Humility is in Andersen's writings almost always connected with persons' being world-oriented, thus often also against its creator, God, or being self-centered. Self-satisfied and self-sufficient characters are often exposed in Andersen' oeuvre. Their charateristics are pettiness, intolerance, a narrow mind, insensibility, being ungratified, because the world seems cruel and unjust and doesn't give them enough, and arrogant pride. The proud and self-sufficient persons thinks that all that is good comes from him-/herself. The humble sees the world around her and her own conditions as sent from God. The humble is satisfied with the facts of life and even thanks (God) for everything.
The rose in "The Snail and the Rosebush" is, in contradiction to the snail, a pious grateful and extrovert type, giving its best to the world. "The Snail and the Rosebush" is a textbook example of the motif and is in addition extraordinary, because God isn't mentioned explicitly as the source of the gifts of life.
"How beautiful that is," he said, but he had his work to attend to, and he would forget the bird's song. But the next night, when he heard the song he would again say, "How beautiful."
At last they found a poor little kitchen girl, who said:
"The nightingale? I know him well. Yes, indeed he can sing. Every evening I get leave to carry scraps from table to my sick mother. She lives down by the shore. When I start back I am tired, and rest in the woods. Then I hear the nightingale sing. It brings tears to my eyes. It's as if my mother were kissing me."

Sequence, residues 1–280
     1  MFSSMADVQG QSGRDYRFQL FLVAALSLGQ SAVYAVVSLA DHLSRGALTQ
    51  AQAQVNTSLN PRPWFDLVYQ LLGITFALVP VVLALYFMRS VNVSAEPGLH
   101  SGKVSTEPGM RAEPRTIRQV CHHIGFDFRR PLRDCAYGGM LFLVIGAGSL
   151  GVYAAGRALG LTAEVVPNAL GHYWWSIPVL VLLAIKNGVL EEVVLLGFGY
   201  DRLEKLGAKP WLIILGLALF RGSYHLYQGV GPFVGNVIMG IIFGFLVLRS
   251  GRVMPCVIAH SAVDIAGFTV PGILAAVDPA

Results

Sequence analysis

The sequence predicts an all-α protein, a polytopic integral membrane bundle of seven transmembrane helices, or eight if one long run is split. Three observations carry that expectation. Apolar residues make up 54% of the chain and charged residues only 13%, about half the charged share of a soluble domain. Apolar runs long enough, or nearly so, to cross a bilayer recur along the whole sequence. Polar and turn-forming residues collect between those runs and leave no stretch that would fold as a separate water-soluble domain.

"Now we will start our dances," the fairy said. "When I have danced the last dance with you at sundown, you will see me hold out my hands to you, and hear me call. 'come with me.' But do not come. Every evening for a hundred years, I shall have to repeat this. Every time that you resist, your strength will grow, and at last you will not even think of yielding to temptation. This evening is the first time, so take warning!"
And the fairy led him into a large hall of white, transparent lilies. The yellow stamens of each flower formed a small golden harp, which vibrated to the music of strings and flutes. The loveliest maidens, floating and slender, came dancing by, clad in such airy gauze that one could see how perfectly shaped they were. They sang of the happiness of life-they who would never die-and they sang that the Garden of Paradise would forever bloom.
The sun went down. The sky turned to shining gold, and in its light the lilies took on the color of the loveliest roses. The Prince drank the sparkling wine that the maidens offered him, and felt happier than he had ever been. He watched the background of the hall thrown open, and the Tree of Knowledge standing in a splendor which blinded his eyes. The song from the tree was as soft and lovely as his dear mother's voice, and it was as if she were saying, "My child, my dearest child."
"I have seen tears in the Emperor's eyes," he said. "Nothing could surpass that. An Emperor's tears are strangely powerful. I have my reward." And he sang again, gloriously.